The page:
Wadi Mistall Solo Hike

The Jeep was already packed when the whistle blew at quitting time on Thursday, October 25th.  I was off for my first solo trek in the Hajar Mountains, Oman.  I crossed the Khatim al Shikla Border Post with relative ease thanks to the new Oman online visa application process.  Continuing on, I took advantage of the newly opened Al Batinah Expressway which bypasses the older, slower, coastal road and is Oman’s first 4 lane highway.  I exited south onto the 11, passed through Rustaq, joined the 13 and headed east finally turning off onto the Wadi Mistall road.  It, too, was newly paved as I had read that, until recently, it was a long drive into the wadi on graded road.  It was around 9:00pm when I arrived in the small mountain village of Al Hijar and found a nice, flat, open area to pitch my tent.  I ate some dinner and went to sleep.

I awoke early as I was keen to get out onto the trail.  My trek would include 18 km over steep and rocky terrain.  I would be traveling in a counterclockwise loop made up of 3 of Oman’s official trekking trails on Jebel Akhdar; the W25, W24a, and the W24b, which I intended to complete over the course of 2 days.  I drove to Wakan, the next village, at 1500m and parked the Jeep.  I set out through the village at 7:00am just as the sun popped over the mountains and was immediately impressed by the well-tended “falaj” or irrigation system.  It was green and lush and the water flowed beside the path as I followed the steps and paved walking path out of the village.  People travel to Wakan just to see the falaj.  Leaving the village behind, I continued upwards slowly as I had 7L of water and my camping gear with me.  I began to hear shouting and yelling from somewhere in the wadi.  I thought that it was too much excitement for a couple of goat herders, especially so early in the morning.  As the voices got louder, my curiosity grew.  Finally, it was solved.  Five Omani soldiers came running down the trail towards me.  After a friendly hello, I learned that there were over 200 hundred of these new recruits out on a training mission.  Over the course of the next hour, I shook hands and said hello to just about all of them and tried to use the little Arabic I knew.  A lot of them wanted to know where I was from and, more importantly, what the heck I was doing out there on my own.

Wakan in the morning

Leaving the Jeep behind

Wakan’s falaj is amazing

With the trail to myself once again, there were a couple of exposed spots and some interesting bridges, but nothing too extreme.  I reached Wakan Pass at 2300m and took in the views over the wadi.  The trail leveled off and I reached the junction of the W25 and W24a.  After a good break, I soon reached my intended camping spot at 11:00am, far sooner than I expected.  After studying the map for a while and contemplating how I would pass the time, a new challenge was set…the loop would be completed today.  Back on foot again, the trail soon dropped sharply down to the village of Hadash at 1500m.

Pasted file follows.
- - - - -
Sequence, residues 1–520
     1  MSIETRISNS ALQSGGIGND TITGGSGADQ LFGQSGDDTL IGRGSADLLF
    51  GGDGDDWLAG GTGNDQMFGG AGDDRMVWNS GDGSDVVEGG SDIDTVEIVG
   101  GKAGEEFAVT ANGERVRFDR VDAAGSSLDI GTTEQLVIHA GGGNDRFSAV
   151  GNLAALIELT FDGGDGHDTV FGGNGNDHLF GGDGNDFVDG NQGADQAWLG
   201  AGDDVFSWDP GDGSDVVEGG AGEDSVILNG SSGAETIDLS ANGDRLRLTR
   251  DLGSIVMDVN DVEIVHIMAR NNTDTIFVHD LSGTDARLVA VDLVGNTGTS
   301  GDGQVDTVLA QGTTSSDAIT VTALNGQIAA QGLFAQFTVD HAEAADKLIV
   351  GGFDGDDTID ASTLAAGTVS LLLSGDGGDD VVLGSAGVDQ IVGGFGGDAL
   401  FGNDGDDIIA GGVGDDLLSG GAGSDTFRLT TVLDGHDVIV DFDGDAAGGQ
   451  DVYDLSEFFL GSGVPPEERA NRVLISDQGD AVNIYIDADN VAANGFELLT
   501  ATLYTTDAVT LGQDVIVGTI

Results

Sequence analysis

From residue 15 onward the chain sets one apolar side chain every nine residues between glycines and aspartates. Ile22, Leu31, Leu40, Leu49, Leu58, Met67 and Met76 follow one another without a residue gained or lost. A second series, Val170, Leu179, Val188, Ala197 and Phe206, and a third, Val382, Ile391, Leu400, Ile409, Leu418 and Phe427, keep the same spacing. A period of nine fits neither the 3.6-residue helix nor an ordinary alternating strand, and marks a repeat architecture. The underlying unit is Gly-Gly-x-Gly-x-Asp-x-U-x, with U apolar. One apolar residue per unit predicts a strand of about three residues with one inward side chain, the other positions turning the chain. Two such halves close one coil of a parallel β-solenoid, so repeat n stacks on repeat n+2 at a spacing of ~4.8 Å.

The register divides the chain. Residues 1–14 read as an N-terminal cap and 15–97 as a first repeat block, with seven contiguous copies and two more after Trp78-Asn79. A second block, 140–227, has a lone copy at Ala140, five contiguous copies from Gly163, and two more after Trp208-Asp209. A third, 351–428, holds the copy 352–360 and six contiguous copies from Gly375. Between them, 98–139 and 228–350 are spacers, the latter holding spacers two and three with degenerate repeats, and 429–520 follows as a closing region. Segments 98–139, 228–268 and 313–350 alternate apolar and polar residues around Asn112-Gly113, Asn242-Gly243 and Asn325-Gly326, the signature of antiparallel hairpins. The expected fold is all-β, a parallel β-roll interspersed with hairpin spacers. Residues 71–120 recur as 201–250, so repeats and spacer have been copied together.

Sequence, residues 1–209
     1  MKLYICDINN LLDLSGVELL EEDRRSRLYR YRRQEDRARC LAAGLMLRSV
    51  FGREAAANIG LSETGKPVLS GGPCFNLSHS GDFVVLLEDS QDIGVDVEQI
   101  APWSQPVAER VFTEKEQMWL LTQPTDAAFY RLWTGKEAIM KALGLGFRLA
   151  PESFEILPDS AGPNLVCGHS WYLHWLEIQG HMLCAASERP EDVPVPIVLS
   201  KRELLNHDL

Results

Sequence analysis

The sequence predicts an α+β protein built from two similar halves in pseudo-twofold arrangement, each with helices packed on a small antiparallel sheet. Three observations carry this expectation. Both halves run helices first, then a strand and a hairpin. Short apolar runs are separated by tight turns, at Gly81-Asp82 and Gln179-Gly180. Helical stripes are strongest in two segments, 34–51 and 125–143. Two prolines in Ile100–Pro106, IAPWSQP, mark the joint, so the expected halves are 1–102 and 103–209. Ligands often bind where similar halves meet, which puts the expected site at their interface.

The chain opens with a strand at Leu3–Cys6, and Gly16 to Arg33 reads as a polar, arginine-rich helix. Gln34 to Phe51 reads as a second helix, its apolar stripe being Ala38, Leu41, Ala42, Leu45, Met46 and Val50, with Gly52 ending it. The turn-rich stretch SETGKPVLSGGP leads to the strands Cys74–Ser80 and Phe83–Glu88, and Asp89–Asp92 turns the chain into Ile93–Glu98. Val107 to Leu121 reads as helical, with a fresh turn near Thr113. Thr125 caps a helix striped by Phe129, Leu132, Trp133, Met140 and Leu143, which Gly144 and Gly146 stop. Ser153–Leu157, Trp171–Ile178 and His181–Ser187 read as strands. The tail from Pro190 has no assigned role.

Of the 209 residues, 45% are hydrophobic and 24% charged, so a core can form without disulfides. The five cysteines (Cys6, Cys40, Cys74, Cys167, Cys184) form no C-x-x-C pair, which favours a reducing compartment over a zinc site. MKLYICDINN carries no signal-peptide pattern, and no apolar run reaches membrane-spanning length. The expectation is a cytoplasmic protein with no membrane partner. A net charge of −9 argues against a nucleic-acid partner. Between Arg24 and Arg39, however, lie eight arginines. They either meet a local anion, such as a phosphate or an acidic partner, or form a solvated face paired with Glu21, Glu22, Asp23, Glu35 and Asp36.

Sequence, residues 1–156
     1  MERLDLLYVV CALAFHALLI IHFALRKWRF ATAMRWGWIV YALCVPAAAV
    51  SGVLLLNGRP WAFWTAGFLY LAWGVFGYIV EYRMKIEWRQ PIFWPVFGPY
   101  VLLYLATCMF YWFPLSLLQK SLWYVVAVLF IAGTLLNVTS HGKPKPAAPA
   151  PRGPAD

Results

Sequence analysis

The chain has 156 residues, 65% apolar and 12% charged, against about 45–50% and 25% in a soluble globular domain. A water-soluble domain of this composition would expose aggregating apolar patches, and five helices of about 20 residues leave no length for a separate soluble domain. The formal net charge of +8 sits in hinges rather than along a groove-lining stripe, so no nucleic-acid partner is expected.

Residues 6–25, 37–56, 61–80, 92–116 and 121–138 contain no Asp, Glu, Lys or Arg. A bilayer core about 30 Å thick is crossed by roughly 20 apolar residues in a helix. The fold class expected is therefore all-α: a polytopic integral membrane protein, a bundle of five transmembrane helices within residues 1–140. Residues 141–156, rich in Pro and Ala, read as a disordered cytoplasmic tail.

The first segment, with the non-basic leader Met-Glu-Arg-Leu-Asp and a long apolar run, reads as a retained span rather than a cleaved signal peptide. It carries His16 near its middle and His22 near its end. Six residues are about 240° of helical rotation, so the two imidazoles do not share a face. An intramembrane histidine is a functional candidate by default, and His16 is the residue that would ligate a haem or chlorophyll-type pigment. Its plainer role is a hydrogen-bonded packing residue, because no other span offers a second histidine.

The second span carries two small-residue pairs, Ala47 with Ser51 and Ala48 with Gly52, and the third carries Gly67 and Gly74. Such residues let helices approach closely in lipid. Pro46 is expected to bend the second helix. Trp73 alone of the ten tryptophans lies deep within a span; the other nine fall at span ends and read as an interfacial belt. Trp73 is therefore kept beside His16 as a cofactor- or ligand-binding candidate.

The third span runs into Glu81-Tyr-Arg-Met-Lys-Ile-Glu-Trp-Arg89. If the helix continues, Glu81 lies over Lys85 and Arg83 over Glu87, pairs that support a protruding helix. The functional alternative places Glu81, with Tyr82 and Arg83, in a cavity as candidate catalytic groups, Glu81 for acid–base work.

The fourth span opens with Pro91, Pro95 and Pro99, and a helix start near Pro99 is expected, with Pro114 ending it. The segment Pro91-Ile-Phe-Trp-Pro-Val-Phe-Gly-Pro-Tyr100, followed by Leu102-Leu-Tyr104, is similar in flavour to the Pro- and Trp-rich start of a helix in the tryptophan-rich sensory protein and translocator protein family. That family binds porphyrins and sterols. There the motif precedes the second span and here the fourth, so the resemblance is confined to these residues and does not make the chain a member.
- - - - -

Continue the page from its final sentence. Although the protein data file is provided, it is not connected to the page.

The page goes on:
Log bridge on way to Wakan Pass

Game time decision…let’s keep trekking

Hadash goats

Hadash Watchtower

Looking back at Hadash

From Hadash, I set out on the 3rd leg, the 4km W24b at around 2:00pm.  The trail passed through some interesting purple shale formations.  There were then 2 high and steep ridges one after another that delivered the final blow to my energy and water levels.  I reached the village of Al Qawrah and followed the path as it wound its way under the fascinating grape vines.  I was greeted by a local and he was kind enough to escort me through the winding village back to the road.  I was exhausted and maybe he sensed it as he offered to drive me up to my vehicle in Wakan.  I thankfully declined as I hadn’t come this far to just hop into the first Hilux that came along.  I drudged my way up the remaining 100m of elevation and completed the loop arriving at the Jeep around 4:30pm.  Back at my camping spot, I realized why this area was so nice and flat…it was a soccer pitch.  The Wadi Mistall Friday afternoon football match was in full swing.  I moved off to the corner and set up camp.  I thought I’d better take in some of the match before the sun went down and grabbed a seat on the sideline.  The kids asked me to join in.  I tried to explain that I’d embarrass myself on a good day, let alone with jello-legs.  I had an early dinner and hit the sack around 8:00pm under the full moon.

Nearing Al Qawrah with Wakan on the ridge above

Trail going under the grape vines

Wadi Mistall Friday afternoon football match

I woke up at 4:00am on Saturday morning and couldn’t get back to sleep so I decided to break camp.  On the road by 5:00, I thought it would be nice to take a “long-cut” off-roading through Wadi Bani Awf.  I never pass up a chance to practice my rally racing skills!  Once back on the blacktop, it was smooth sailing through Al Hamra, Bahla, Ibri, back into the UAE, and home for lunch in AD.  It was a tough trek indeed, but had all the elements that make for a classic romp in the Hajars.

Sunrise over Wadi Bani Awf

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1 Response to Wadi Mistall Solo Hike

  1. Uncle Dale says:

    Dan you’re a devil for punishment.I was breathless and thirsty before you got to the trail junction. I’m glad you enjoyed the trip and glad those rookie recruits didn’t use you for target practice. Hike on.

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